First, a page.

Artists: Eugene Delacroix, J.M.W. Turner, John Constable, Gustave Courbet, James Abbott McNeill Whistler, Édouard Manet, Edgar Degas, Camille Pissarro, Claude Monet, Vincent van Gogh, Paul Cezanne, Emil Nolde, Giorgio Morandi, Henri Matisse, Auguste Rodin, Thomas Eakins, Pablo Picasso, Frank Auerbach, Francis Bacon.
Movements: Romanticism, Barbizon School, Hudson River School, Realism, Impressionism, Tonalism, Luminism.
– Still Life with a Sparrow Hawk, Fowl, Porcelain and Shells
By Museo del Prado
Painting in the Ducth Golden Age: A Profile of the Seventeenth Century
National Gallery of Art, Washington
-By Robert Eberhardt
-Masterpieces of Dutch and Flemish Painting
by Bernd Lindemann
in Rembrandt to Vermeer. Civil Values in 17th-century Flemish and Dutch Painting
Fondazione Roma, Museo del Corso
November 11, 2008 to February 15, 2009
Floris van Dyck, Still-Life with Fruit, Nuts and Cheese (1613)
Van Dyck’s still-life depicts a richly filled table. The apples, grapes, cheese, bread and nuts represent the five types of taste: sour, sweet, salty, savoury and bitter (respectively). It’s also worth noting the enormous sized cheeses, which tower over the rest of the items spread out (both food and utensils), barely fitting on its own plate. It’s a great example of the still-life genre, which was a fundamental aspect of the Dutch Golden Age Movement.
Johannes Vermeer, Woman Holding a Balance (c. 1664)
The artist depicted a young pregnant girl holding a balance. It’s perfectly balanced, as there’s no weight on either side, which, in addition to her peaceful expression, imbues the composition with a sense of calm and serenity. The painting illustrates the day to day lives of the Dutch, typically in an interior scene and narrating their activities.
Clara Peeters, Bodegón (1611)
The work is an example of a female artist’s work, which was extremely rare at the time – showing their liberal nature. Part of a series of still-lifes, the artist rendered a sinister image of dead fowl, a eurasian sparrowhawk and some seashells. Scientific examination of the painting revealed pentimenti along the contours of the ducks left wing, indicating that the bird was originally bigger – a typical adjustment present in Peeters’ works.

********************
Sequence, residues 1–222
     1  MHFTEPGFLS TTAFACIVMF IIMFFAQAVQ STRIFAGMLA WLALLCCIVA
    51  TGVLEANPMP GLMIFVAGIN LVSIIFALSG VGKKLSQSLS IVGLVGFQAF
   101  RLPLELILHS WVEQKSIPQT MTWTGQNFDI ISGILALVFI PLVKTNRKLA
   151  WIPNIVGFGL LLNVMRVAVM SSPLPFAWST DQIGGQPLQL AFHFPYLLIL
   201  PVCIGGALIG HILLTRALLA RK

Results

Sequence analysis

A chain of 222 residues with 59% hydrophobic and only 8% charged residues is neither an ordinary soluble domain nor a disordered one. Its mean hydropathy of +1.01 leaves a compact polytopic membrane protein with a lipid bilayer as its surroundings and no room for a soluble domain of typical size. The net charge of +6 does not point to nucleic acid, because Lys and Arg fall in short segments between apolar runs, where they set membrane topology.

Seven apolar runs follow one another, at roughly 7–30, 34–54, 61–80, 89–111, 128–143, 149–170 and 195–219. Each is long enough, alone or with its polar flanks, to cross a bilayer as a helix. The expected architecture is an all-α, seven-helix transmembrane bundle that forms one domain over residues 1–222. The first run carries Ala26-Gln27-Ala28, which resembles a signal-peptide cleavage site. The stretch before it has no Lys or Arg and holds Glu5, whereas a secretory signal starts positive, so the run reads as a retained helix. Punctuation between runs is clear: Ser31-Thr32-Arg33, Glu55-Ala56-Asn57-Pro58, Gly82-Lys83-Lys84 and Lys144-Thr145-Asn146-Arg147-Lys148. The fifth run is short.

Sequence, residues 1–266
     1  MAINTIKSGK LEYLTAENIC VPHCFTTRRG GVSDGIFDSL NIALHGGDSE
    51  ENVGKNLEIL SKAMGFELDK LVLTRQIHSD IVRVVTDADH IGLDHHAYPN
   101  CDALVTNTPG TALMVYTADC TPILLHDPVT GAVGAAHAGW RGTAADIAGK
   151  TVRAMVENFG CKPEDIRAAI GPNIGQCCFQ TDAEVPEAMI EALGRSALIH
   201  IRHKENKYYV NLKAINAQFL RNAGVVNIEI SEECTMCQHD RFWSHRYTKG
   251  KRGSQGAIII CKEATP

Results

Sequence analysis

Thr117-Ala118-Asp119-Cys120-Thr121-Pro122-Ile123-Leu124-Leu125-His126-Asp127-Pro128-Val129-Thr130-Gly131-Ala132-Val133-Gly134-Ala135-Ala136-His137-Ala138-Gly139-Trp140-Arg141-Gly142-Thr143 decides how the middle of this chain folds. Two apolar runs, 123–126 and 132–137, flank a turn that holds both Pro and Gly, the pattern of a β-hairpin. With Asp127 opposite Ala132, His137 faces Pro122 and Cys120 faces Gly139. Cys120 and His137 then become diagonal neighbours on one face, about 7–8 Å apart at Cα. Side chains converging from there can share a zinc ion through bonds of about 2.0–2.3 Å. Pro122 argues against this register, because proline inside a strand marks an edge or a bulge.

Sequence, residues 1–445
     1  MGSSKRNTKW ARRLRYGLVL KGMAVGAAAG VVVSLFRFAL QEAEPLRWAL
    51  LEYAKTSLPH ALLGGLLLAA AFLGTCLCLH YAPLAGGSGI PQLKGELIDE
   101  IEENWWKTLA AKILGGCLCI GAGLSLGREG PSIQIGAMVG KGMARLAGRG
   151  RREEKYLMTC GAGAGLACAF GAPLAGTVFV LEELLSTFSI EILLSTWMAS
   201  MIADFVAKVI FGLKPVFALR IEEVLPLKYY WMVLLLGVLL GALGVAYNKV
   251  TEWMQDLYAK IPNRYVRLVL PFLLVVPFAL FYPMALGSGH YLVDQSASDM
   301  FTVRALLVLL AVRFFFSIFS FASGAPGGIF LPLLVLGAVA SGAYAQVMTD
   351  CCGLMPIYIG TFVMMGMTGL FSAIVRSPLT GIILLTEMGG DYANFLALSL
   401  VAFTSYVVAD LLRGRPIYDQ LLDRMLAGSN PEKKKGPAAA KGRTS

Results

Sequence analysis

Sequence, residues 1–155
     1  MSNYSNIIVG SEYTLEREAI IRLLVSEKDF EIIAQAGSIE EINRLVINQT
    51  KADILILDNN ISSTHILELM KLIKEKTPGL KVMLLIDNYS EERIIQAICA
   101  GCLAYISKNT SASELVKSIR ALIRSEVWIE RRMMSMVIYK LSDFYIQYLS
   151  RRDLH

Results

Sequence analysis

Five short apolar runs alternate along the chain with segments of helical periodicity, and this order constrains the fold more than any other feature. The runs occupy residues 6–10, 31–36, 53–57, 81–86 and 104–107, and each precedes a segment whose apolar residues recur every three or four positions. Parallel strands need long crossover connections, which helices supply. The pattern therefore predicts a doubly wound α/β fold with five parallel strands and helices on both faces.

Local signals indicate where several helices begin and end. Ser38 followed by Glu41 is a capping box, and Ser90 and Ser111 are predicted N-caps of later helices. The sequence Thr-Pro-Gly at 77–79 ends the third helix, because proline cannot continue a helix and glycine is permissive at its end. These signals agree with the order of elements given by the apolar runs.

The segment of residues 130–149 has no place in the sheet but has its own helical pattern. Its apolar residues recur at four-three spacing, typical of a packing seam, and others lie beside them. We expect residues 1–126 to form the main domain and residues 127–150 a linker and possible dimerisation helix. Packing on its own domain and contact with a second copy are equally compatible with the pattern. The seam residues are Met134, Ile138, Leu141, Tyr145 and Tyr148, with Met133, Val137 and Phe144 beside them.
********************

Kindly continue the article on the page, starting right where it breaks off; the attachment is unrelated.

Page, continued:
Harmen Steenwyck, An Allegory of the Vanities of Human Life, (ca. 1640)
Harmen Steenwyck’s Still Life: An Allegory of the Vanities of Human Life (c. 1640). A fine example of a ‘vanitas’ painting, the artist carefully chose each object – either a symbol of wealth or death – to convey its message with clarity: the ephemerality of life, the emptiness of pleasure, and the inevitability of death. Each object is of Dutch nature, greatly emphasising their culture and the scientific (nautical, philosophical and musical) discoveries.
Brueghel the Elder, Flowers in a Wooden Vessel (ca. 1607)
The colourful bouquet of flowers reflects their enthusiasm for collecting exotic botanical specimens. Set against a simple background, the contrast can also be seen as a critique to overindulgence.
Frans Hals, The Gypsy Girl, (ca. 1630)
A classic example of a tronie, the portrait traditionally depicts the model’s head and bust, with the distinctive expression of grimace. Set in front of a plain background, tronies would serve as practice to realistically show age and expression.
Rembrandt, Nightwatch (1642)
Jacob Isaacksz van Ruisdael, The Windmill of Wijk bij Duurstedde (ca. 1670)
Jacob van Ruisdael’s The Windmill of Wijk bij Duurstede (c. 1670). River landscapes or seascapes with wide floodplains, sometimes with grazing cows and a silhouette of a city in the background were very popular. The horizon was often kept low to create more space for the characteristic Dutch cloudy skies.
Rembrandt, Lucretia (1666)
Rembrandt’s portraits display his masterful chiaroscuro technique, showing inspiration and influence from italian predecessors, like Caravaggio. Portraits would mainly focus on moving the viewer by sharing a scene of profound intimacy.~
Carel Fabritious, Goldfinch (1654)